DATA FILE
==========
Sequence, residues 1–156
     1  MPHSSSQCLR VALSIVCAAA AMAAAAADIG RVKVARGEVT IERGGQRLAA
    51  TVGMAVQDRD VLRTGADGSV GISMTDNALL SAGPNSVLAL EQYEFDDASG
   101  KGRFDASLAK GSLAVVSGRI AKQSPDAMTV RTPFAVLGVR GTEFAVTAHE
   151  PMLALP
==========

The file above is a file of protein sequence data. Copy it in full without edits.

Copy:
Sequence, residues 1–156
     1  MPHSSSQCLR VALSIVCAAA AMAAAAADIG RVKVARGEVT IERGGQRLAA
    51  TVGMAVQDRD VLRTGADGSV GISMTDNALL SAGPNSVLAL EQYEFDDASG
   101  KGRFDASLAK GSLAVVSGRI AKQSPDAMTV RTPFAVLGVR GTEFAVTAHE
   151  PMLALP